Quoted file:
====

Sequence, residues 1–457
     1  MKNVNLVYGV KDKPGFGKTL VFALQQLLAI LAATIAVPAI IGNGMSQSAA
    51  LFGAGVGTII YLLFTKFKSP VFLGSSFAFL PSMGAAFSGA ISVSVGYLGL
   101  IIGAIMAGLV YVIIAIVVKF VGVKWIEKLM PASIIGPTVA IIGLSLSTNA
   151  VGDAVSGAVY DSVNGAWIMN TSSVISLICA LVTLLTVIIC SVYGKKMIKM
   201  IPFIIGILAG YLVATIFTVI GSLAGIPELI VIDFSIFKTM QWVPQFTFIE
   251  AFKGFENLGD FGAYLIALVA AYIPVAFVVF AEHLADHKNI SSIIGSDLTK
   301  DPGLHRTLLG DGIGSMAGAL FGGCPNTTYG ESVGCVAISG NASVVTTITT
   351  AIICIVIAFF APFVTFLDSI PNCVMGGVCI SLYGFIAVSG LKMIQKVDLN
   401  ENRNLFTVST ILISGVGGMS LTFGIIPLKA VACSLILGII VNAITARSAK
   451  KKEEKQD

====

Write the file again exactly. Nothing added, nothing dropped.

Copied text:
Sequence, residues 1–457
     1  MKNVNLVYGV KDKPGFGKTL VFALQQLLAI LAATIAVPAI IGNGMSQSAA
    51  LFGAGVGTII YLLFTKFKSP VFLGSSFAFL PSMGAAFSGA ISVSVGYLGL
   101  IIGAIMAGLV YVIIAIVVKF VGVKWIEKLM PASIIGPTVA IIGLSLSTNA
   151  VGDAVSGAVY DSVNGAWIMN TSSVISLICA LVTLLTVIIC SVYGKKMIKM
   201  IPFIIGILAG YLVATIFTVI GSLAGIPELI VIDFSIFKTM QWVPQFTFIE
   251  AFKGFENLGD FGAYLIALVA AYIPVAFVVF AEHLADHKNI SSIIGSDLTK
   301  DPGLHRTLLG DGIGSMAGAL FGGCPNTTYG ESVGCVAISG NASVVTTITT
   351  AIICIVIAFF APFVTFLDSI PNCVMGGVCI SLYGFIAVSG LKMIQKVDLN
   401  ENRNLFTVST ILISGVGGMS LTFGIIPLKA VACSLILGII VNAITARSAK
   451  KKEEKQD